The ix day of Desember was a proclamassyon mad for folles (fn. 133) and capuns and conys and gesse and all maner (of) fulles (fn. 134) and the pryse; and eges, with odur thynges.

The xiij day of Desember in the mornyng was by mysefortune in sant Dunstones in est a nold (fn. 135) man on (fn. 136) master Cottelle a talowchandler, he fell downe in a trape dore and pechyd hys hed a-pone a pesse of tymbur, and brust owtt ys braynes, for he was beldyng, so the trape dore was left opyn.

The sam day cam serten fellous unto the Gorge in Bredstret, wher the fyre was, and gatt in-to the howse, and brake up a chest of a clothear, and toke owtt xl lb. and after cryd fyre, fyre, so that ther cam ij C. pepull; and so they toke one.

The xvj day of Desember was the sam man bered in sant Don stones in the est, master Cottell, that was slayne with (the) falle, and he had a sarmon, and all ys compene in ther clothyng, and a grett dener, for ther was mad mon (fn. 137) for hym, and a dolle.

. . . . . . . . . . . . Park]er electyd byshope of Canturbere.

The xvij day of Desember was the nuw byshope of [Canterbury,] doctur Parker, was mad (fn. 138) ther at Lambeth.

The xviij day of Desember dyd a woman ryd a-pone [horseback] with a paper on her hed, for bawdere, with a basen ryngyng.

The xij day tydans cam to London that ther was marchandes and shypes lost, boyth Englys and Frenche, and many good masters of shypes, and mony good marenars, and odur shypes in dyvers plasses that wher lost.

The xix day of Desember was slayne with-owt the weste dore of Powlles on master Wynborne gentyllman (of) Suffoke, by Wylliam North and ys man, he dwellyng at sant Ane chyrche-yerd, with a foyne slayne.

The xx day of Desember a-for non, was sant Thomas evyn, my lord of Canturbere whent to Bow chyrche and ther wher v nuw byshopes mad. (fn. 138)

The sam day was raynyd at the Yeld-hall master Hodylston and master Chamburlayn, captayn of the castyll in Calles, and cast boyth to suffer deth.

The sam day dyd ryd in a cart a-bowt Lundun the wyff of Hare Glyn, (fn. 139) gold-smyth, for behyng bowd to her owne dowther.

The xxix day of December was bered at sant Martens at Ludgatt Luste Strange (fn. 140) sqwyre, with the clarkes syngyng, and he had a harod of armes, master Somerset, with a pennon and a cott armur, and a vj skochyons, and a sermon.

The xxxj in the mornyng and the last ded (fn. 141) my lade Darce the wyff of ser Arthur Darce knyght, dwellyng in the nwe abbay on the Towre-hylle.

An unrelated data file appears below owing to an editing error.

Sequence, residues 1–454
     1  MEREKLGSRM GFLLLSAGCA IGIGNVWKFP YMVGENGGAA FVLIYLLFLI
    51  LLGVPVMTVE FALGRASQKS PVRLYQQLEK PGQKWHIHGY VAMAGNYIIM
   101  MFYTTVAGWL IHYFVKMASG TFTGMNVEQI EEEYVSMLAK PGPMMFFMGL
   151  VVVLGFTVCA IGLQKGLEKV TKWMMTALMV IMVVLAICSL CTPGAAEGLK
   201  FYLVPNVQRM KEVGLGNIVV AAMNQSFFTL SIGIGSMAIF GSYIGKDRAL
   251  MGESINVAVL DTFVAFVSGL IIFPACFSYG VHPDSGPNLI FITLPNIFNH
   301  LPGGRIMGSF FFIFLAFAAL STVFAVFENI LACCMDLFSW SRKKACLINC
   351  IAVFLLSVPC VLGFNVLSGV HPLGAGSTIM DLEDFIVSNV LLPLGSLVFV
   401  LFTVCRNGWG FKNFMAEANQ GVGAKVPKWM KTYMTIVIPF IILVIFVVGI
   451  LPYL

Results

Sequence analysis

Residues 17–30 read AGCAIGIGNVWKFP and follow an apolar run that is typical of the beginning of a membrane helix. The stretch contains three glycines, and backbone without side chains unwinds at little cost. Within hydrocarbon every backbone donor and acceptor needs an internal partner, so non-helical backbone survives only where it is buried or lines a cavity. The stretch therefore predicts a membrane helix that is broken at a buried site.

. . . . . . . . . . . . . in Sowth-warke unto sant Towlys (fn. 142) in Sowthw[ark to be] bered my lade Copley wedow, with xx grett stayffe torchys bornyng, with prestes and clarkes syngyng, with a harold of armes, and a pennon of armes, and mony morners; and the chyrche hangyd with blake, and the quer; and ther was a sermon, and communyon; and after to her plasse to dener and a dolle . . . of skochyons.

The sam day at nyght at the quen('s) court ther was a play a-for her grace, the wyche the plaers plad shuche matter that they wher commondyd to leyff off, and contenent (fn. 143) the maske cam in dansyng.

Footnotes

1 sent.
2 whifflers.
3 drink.
4 soldiers.
5 onsets.
6 incontinently.
7 skirmishing.
8 commons (of the city).
9 city.
10 incontinently.
11 caps.
12 merry.
13 above.
14 shooting.
15 made.
16 Thomas?
17 gilliflowers.
18 herbs used for strewing chambers.
19 So in MS.
20 spears.
21 Ormond.
22 spears.
23 The MS. indistinct: perhaps xvj.
24 The writer probably meant deprived.
25 married.
26 splinter.
27 visitors.
28 Cuthbert Tunstall.
29 chain gate.
30 i. e. slightly.
31 Marshalsea.
32 Lodge.
33 Queenhithe.
34 naughtily.
35 asked him.
36 brought.
37 tarry.
38 every.
39 i. e. the officers of his household.
40 i. e. the house.
41 a course.
42 qu?
43 brought.
44 visitors.
45 So in MS.
46 John Scory.
47 sent.
48 Marshalsea.
49 So in MS.
50 painters.
51 marrying.
52 visitors.
53 inventory.
54 Cornhill.
55 goods.
56 roods.
57 shoot.
58 bucks.
59 meats.
60 revels.
61 roods.
62 goods.
63 both.
64 censers.
65 books.
66 gear.
67 books.
68 tawer.
69 noon.
70 such a thundering.
71 beadmen.
72 Harry.
73 one.
74 high.
75 rood.
76 Probably embossed with needlework, the scocheons usually being painted only.
77 Under the mourners' feet.
78 hanged.
79 Sackville.
80 incontinently.
81 Scory.
82 caps.
83 office.
84 a half.
85 St. Martin Outwich was formerly thus distinguished: see again, p. 215.
86 that he would have saved, i. e. so that he might save.
87 while.
88 incontinently.
89 flesh and fish.
90 lady.
91 shut.
92 dish.
93 eggs.
94 arraigned.
95 rover.
96 the same hour.
97 such.
98 oath.
99 died.
100 to be buried.
101 pedigree.
102 arms.
103 hearse.
104 Cuthbert Tunstall.
105 Sweden.
106 down.
107 brought.
108 arras.
109 able.
110 John Hollingworth.
111 See before, p. 211.
112 honourably.
113 died.
114 Halywell, near Shoreditch.
115 nunnery.
116 build.
117 bruised.
118 Fitz-William.
119 moan made.
120 apiece.
121 dishes.
122 married.
123 palace.
124 were.
125 Lord Ambrose Dudley.
126 Harry.
127 Curteis.
128 Bentham.
129 Cuthbert Tunstall.
130 perjury.
131 Side note mad(e).
132 died.
133 Fulke Greville.
134 fowls.
135 an old.
136 one.
137 made moan.
138 made.
139 Harry.
140 Le Strange.
141 died.
142 St. Olave's.
143 incontinently.